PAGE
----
1 in 3 inspired to bake by Great British Bake Off

IT WAS until recently shunned as a pastime of a bygone era but now programmes like The Great British Bake Off have seen baking’s popularity soar, with a third of Britons claiming to create a cake or pastry dish from scratch every week.

Bake Off hosts Paul Hollywood and Mary Berry. Picture: BBC
Bake Off hosts Paul Hollywood and Mary Berry. Picture: BBC

The pursuit is most popular among young people, a report has found, with baking taking place most frequently in households where people are aged 25 to 34 – or in those with children aged five to nine.

Sales of kitchen gadgets, such as food processors, blenders, liquidisers and mixers, have also risen, according to the report by market research firm Mintel, while supermarkets have reported an increase in demand for products such as flour, cake decorating materials and baking utensils.

Jane Westgarth, of Mintel, said: “What may have begun as a response to a rising need to be thriftier with the food budget has become a kitchen craft, as people want to create the ­indulgent treats they see on programmes like The Great British Bake Off.”

One in five mixers or food processors in Britain were bought in the past year – testament of the great British baking revolution, analysts said. Tesco said it had seen sales of baking decoration products almost double during the summer last year, while The Great British Bake Off was being shown.

Sainsbury’s said it had experienced a 6 per cent increase in flour sales, while Asda saw demand for loaf tins almost triple and the sale of cake tins, kitchen scales and cake sprinkles double in recent months.

UK-wide, the volume of flour sold has risen by 5 per cent a year for the past four years, the Flour Advisory Bureau said.

Tesco home baking buyer Darren Atherton said: “There’s no doubt that The Great British Bake Off has inspired a whole new generation of younger bakers and we know that as sales of home baking ingredients rise when the show is on.”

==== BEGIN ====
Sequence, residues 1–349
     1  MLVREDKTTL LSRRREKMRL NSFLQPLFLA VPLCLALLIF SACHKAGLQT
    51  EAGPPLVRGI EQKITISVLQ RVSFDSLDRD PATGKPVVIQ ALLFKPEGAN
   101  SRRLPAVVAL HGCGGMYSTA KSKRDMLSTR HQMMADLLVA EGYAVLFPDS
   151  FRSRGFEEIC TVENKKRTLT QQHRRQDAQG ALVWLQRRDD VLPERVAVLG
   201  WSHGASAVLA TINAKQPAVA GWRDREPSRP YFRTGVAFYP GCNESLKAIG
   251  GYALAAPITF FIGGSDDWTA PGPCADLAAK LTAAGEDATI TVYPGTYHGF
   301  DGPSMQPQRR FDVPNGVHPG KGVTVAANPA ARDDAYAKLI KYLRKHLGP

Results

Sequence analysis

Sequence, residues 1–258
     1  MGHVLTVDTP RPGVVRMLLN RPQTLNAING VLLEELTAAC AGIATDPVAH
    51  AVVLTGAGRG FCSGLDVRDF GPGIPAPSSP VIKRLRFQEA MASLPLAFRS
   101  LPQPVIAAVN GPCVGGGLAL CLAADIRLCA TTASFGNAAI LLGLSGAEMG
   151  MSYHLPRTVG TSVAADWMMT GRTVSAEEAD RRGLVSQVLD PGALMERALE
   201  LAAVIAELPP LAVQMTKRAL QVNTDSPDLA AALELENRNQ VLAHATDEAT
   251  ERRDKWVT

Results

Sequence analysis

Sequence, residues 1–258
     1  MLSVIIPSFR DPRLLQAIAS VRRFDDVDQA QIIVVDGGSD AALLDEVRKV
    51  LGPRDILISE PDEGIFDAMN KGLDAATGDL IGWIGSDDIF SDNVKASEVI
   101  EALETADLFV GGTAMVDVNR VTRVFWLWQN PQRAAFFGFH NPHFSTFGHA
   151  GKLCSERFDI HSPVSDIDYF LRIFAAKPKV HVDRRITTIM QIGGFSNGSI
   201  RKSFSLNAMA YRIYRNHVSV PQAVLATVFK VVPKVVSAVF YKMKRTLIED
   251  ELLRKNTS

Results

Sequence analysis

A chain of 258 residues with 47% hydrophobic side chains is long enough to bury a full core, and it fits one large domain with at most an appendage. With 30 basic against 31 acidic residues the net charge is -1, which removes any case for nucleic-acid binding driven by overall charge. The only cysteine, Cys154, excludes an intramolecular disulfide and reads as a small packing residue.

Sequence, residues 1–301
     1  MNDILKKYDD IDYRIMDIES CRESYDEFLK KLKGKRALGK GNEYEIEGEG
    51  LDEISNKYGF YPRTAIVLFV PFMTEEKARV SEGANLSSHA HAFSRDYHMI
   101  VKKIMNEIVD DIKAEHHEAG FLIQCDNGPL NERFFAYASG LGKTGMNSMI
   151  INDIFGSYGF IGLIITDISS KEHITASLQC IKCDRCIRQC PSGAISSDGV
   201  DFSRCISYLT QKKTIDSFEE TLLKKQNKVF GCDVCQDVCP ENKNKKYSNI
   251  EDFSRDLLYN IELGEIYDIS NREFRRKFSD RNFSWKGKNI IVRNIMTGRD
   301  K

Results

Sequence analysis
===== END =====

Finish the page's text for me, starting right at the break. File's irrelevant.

Alex Waugh, director of the Flour Advisory Bureau, added: “The trend started even before The Great British Bake Off, but has definitely been helped by it and programmes like it. One of the good things about baking is that it is something parents can do with children.”

Isobel Robertson, national chairman of the Scottish Women’s Rural Institutes, said younger members had joined in a bid to pick up traditional skills after watching television.

She added: “People have been used to shop-bought baking for years because they think that making their own is too time-consuming and too difficult. However, now that people are watching these shows, they are realising how fun and satisfying it is to bake from scratch.”

Edinburgh-based chef Mark Greenaway, who appeared on TV show The Great British Menu, said baking had “skipped a generation”.

He added: “Bakers are just getting younger.”

• The National Trust last year revealed the classic sponge sandwich to be the nation’s favourite cake, selling more sponge cakes than any other in its tea shops nationwide.

INGREDIENTS: 175g/6oz self-raising flour; 1 rounded tsp baking powder; 3 large eggs; 175g/6oz soft butter; 175g/6oz caster sugar.


• Pre-heat oven to 180C or gas mark 4.

• Grease two eight-inch cake tins.

• Beat sugar and butter together. Beat eggs and whisk into sugar and butter until thick and creamy.

• Fold in the sieved flour and baking powder and bake mixture in oven for around 30 to 35 minutes.

• When the cakes are ready, they should spring back when pressed in the middle.

• Spread with jam and cream and serve.